Which lane construction projects are the most controversial?

Lanes on major highways in Canada are often built without any consideration of safety or environmental considerations.

But as construction continues, some experts say that there is growing concern over the safety and environmental impacts of the work, particularly on the country’s aging highways.

Article Continued Below Lane construction is a relatively new construction practice, in which builders carve out a small area in the middle of a highway for a roadway.

Some highway planners have questioned whether this practice is a good idea, saying it can create dangerous shortcuts or cause a dangerous situation.

In April, a report by the Canadian Transportation Research Board said the practice is not recommended because of concerns about how it will affect traffic and road users.

The report said lane construction can be dangerous and could also create unsafe shortcuts that may not be visible to drivers.

“The safety of people using the highway is paramount, and this practice often leads to unsafe driving behaviours and even crashes,” the report said.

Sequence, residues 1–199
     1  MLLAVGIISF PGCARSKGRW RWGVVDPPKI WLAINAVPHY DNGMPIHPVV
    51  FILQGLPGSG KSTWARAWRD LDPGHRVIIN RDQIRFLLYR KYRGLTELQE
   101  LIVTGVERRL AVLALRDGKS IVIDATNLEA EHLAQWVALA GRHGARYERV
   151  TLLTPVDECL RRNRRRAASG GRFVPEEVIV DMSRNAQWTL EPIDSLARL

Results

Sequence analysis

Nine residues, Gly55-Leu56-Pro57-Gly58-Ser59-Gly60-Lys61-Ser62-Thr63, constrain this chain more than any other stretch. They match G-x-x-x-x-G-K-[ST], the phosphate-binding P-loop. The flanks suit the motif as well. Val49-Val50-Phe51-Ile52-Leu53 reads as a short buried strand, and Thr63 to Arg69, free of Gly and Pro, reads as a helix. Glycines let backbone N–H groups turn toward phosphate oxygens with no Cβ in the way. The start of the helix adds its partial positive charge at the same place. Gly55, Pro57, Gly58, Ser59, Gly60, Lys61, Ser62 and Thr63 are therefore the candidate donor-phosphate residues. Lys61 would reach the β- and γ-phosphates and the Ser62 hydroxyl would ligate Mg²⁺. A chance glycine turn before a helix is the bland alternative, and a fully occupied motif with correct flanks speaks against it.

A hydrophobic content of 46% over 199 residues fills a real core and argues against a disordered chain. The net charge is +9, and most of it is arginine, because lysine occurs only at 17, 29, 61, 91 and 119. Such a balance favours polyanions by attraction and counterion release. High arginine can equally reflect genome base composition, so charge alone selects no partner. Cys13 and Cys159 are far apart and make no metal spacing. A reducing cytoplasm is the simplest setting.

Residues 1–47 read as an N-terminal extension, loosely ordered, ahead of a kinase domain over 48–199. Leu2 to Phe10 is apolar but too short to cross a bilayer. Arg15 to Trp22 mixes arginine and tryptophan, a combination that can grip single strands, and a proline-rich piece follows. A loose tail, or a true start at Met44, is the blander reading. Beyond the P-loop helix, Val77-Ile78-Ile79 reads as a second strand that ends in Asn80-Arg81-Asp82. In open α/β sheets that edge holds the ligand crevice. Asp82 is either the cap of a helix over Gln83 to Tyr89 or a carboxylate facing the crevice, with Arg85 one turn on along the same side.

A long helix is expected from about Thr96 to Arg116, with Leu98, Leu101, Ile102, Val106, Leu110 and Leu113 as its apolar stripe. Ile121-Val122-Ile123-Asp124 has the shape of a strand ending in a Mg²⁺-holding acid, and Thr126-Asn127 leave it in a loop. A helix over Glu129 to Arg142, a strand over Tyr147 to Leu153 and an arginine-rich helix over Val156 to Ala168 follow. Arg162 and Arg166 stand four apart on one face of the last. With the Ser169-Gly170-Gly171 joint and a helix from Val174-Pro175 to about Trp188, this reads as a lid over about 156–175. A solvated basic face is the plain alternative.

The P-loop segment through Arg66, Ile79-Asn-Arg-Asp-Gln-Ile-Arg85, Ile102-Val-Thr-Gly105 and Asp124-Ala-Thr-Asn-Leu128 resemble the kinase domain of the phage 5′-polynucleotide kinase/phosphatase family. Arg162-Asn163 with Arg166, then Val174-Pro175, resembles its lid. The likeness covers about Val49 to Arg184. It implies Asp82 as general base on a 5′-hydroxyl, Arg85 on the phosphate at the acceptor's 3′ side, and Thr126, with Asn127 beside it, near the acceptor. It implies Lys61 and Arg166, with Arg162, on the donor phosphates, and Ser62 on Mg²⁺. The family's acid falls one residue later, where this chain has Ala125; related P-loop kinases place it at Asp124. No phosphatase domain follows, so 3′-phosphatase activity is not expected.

“When lane construction occurs in close proximity to a road user, it can be very difficult to see and avoid potentially dangerous actions by road users.”

The report also said the risks of lane construction are greatest when the highway has few lanes and it is used primarily by buses and other vehicles.

A few projects have been approved in the past, but not as quickly as others.

In 2014, the Saskatchewan government approved construction of a $10-million lane extension on the highway that connects Saskatoon with Winnipeg, but the project was abandoned.

The Saskatchewan government also approved the construction of the highway on the border with New Brunswick.

But critics said that the work is poorly done and there is little incentive for builders to work on the project.

“It’s a bit of a mess, a bit sloppy, and a bit unnecessary,” said Steve Schott, executive director of the advocacy group Canada’s Road Safety Coalition.

“The reality is, if you’re going to build a highway, you want it to be safe.”

According to a recent survey by the Conference Board of Canada, only 14 per cent of Canadians said they would consider buying a new vehicle that features a lane extension.

And in a poll of 1,800 Canadians conducted by the Angus Reid Institute, only 33 per cent said they’d consider buying an SUV or crossover with an automatic lane extension, even though auto manufacturers and suppliers of the vehicles are making their own improvements to make them safer.